This has been a magnificent autumn for fruit-bearing trees.
Olive and fig trees planted on public land, and only watered from the clouds, have huge crops. At the National Arboretum, the maidenhair tree (ginkgo biloba) leaves are butter yellow and black tupelo (nyssa sylvatica) leaves are bright scarlet. There is a bonus - the Japanese flowering dogwood (cornus kousa) has produced a crop of pink to red fruit with edible pulp. The first plantings in the Japanese dogwood forest were in September 2009 and this year each individual fruit is larger and brighter than ever.
Friends of the Arboretum's Harvest Group led by Colette Mackay has picked a huge 300 kilograms of figs and buckets of dogwood fruit to make preserves to sell on their Harvest Stall from 10am to 2pm on Saturday, May 8 - just in time for Mother's Day. Funds raised support the Arboretum, which had 24,000 visitors over Easter.
Twenty pickers and cooks have made figs in syrup, spicy fig chutney, fig and ginger jam, fig marmalade, fig paste, fig glaze, fig onion relish, preserved figs, dried figs and fig jam. From crops in the Discovery Kitchen Garden next to the Village Centre, Ange McNeilly and her team have made hot and spicy tomato relish, eggplant chutney, pickled green beans in olive oil and chilli.
There will also be unusual dogwood fruit glaze first made by Cordon Bleu-trained Larraine Nicholls in 2018. She says it contains fruit, sugar, water and lemon and is ideal with pork, duck and lamb and, this season, tastes like mangoes and apricots.
Vicki Woolley, a friend of the arboretum but also well known for her artists' books and fine bindings, has used her eye for texture and colour in our photo of the dogwood fruits.
Readers climbed down from fruit picking to delve into the bottom shelves and out came the gem irons. Among dozens of responses was Wendy Limbrick of Monash who picked up a gem iron at the Salvo shop in Tuggeranong "a place that is a goldmine for cake tins". Gem scones were a regular morning tea during her country childhood because they were less bother to make than scones for unexpected visitors.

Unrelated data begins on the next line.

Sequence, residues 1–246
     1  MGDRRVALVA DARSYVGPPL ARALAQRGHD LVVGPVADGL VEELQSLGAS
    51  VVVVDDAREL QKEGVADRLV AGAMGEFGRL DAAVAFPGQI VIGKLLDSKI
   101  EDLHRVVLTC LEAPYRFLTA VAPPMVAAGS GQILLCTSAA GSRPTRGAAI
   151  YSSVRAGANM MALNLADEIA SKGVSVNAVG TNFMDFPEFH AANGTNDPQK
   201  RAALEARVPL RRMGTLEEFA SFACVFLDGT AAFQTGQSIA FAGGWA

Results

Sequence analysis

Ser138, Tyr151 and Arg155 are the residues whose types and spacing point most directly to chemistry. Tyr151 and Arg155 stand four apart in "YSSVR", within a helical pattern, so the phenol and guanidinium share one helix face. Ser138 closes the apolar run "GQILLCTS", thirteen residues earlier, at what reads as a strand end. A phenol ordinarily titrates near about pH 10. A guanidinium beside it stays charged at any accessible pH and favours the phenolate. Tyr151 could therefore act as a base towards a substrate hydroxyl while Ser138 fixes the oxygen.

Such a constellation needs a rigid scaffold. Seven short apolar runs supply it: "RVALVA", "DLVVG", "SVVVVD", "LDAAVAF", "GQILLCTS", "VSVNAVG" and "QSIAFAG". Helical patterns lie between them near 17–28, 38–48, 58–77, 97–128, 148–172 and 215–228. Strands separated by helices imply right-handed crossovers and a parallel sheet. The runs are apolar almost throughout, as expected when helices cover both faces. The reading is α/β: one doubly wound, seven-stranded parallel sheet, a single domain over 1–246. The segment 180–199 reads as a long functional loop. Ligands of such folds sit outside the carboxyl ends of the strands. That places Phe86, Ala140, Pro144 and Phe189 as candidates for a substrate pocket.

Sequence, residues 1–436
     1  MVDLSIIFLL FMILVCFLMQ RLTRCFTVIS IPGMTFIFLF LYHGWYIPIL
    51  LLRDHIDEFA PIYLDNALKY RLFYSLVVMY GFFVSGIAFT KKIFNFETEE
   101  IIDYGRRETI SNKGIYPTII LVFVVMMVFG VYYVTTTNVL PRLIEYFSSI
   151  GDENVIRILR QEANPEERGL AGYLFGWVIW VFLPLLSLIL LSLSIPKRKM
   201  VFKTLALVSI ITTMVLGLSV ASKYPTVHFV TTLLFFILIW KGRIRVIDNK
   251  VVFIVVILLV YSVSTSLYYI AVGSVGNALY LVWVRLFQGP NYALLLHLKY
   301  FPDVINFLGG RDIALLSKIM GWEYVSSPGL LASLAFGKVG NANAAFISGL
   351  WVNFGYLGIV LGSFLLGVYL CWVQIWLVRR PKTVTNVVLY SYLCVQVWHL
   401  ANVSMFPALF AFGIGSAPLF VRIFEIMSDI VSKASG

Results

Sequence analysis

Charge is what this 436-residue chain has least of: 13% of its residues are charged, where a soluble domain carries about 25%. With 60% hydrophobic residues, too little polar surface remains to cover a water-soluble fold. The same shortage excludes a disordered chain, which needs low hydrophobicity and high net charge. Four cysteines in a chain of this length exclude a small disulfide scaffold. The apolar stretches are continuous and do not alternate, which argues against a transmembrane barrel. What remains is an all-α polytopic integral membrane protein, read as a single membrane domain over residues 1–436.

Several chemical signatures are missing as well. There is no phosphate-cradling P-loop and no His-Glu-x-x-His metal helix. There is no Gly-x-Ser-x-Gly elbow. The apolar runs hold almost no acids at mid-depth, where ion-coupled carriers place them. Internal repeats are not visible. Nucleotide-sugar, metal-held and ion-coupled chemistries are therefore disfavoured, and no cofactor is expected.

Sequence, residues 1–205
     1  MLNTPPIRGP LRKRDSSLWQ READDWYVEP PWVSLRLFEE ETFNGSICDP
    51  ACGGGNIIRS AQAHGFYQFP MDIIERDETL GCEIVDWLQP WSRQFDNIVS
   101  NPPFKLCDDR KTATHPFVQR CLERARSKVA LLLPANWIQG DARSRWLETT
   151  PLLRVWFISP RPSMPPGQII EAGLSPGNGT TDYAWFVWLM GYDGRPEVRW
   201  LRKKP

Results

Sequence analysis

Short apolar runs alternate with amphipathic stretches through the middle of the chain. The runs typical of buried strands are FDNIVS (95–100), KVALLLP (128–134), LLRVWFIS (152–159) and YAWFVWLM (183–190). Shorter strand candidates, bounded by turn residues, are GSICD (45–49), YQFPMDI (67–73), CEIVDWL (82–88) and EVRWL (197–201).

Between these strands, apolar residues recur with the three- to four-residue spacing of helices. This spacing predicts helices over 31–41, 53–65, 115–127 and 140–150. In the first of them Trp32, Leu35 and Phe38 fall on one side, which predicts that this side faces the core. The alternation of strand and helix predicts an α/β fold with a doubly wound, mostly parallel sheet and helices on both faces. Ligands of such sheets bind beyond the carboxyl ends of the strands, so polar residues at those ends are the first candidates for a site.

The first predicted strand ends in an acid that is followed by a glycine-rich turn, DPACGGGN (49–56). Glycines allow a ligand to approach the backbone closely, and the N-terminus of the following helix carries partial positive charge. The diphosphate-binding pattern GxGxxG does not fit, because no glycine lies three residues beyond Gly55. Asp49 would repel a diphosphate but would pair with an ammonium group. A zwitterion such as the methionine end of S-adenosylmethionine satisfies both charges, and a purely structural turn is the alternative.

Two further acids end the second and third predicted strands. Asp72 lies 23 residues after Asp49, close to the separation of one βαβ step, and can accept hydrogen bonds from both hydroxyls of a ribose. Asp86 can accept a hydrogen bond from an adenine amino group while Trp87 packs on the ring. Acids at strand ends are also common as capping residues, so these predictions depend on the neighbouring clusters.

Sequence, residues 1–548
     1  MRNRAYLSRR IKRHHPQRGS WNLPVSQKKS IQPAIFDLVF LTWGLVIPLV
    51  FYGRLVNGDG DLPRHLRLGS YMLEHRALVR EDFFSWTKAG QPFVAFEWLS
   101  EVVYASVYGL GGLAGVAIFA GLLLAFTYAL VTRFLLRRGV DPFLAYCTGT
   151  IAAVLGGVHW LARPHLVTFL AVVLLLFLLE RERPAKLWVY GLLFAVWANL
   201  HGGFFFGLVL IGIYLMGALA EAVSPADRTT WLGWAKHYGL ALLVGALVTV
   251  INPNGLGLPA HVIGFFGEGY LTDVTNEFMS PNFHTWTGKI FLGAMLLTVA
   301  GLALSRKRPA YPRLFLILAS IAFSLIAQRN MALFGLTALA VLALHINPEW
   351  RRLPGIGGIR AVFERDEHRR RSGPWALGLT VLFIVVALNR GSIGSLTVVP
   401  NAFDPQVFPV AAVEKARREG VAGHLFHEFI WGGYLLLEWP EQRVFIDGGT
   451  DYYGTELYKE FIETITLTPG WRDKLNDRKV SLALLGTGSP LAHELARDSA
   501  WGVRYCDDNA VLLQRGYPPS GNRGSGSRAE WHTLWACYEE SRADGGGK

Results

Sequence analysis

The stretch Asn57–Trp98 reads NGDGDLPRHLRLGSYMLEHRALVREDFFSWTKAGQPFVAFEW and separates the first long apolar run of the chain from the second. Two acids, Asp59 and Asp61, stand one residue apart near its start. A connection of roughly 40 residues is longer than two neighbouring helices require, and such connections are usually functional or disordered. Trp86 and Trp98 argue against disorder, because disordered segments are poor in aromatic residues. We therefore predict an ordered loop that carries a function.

The parents of Gai Stansfield of Wanniassa married in 1939 and moved into their home in Bougainville Street, Manuka where she grew up and gem scones were made in a fuel stove.
Shelley Atkins of Yarralumla sent a photo of her mother's gem iron - she remembers coming home from school in the late 1950s to a few gem scones remaining from ladies' afternoon tea. Readers have asked if gem scones are an Aussie icon.
Lyn Mills of Kambah has two sets, cast iron from 1935 and lighter weight aluminium ones which speed up the cooking process. She uses a Presbyterian Women's Missionary Union of Victoria Cookbook (1972) and recommends eating gem scones straight out of the oven.
Judith Erskine of Belconnen is about to heat up her gem irons and Lynette Mobbs of Torrens says hers belonged to her grandmother. Lorraine of Royalla sent a photo of her mother's impressively black and heavy cast iron gem pan and the original recipe, with no method or baking instructions, discovered among her father's things after he passed away. My gem iron has been loaned to a reader who was keen to make gem scones.
All the gem scones need is a splodge of something figgy from the harvest.
Mother's Day giveaway
If you have a mother figure in your life or if you nurture and feed someone, we have treats for you.
Yates has given us packs of Early Long Pod broad bean seeds, packets of Thrive soluble flower and fruit food and, my favourite, 2.5kg bags of organic Dynamic Lifter which feeds worms, assists drainage and contains chicken manure, seaweed, blood and bone and fishmeal - my office currently has that unmistakable odour.
At Traiana in Tuscany, the festival of broad beans and cheese, pecorino, of course, is held in the fourth week of April and at Mioglia in Liguria, the festival of broad beans and salami takes place at the beginning of May. In Canberra, we need to sow broad bean seeds now. They feed the soil, the stomach and the soul because the lovely large seeds germinate easily.
To win: tell me what greens you eat because of your matriarch's influence, where you would grow broad beans and how you would serve them. Email your name and address to firstname.lastname@example.org.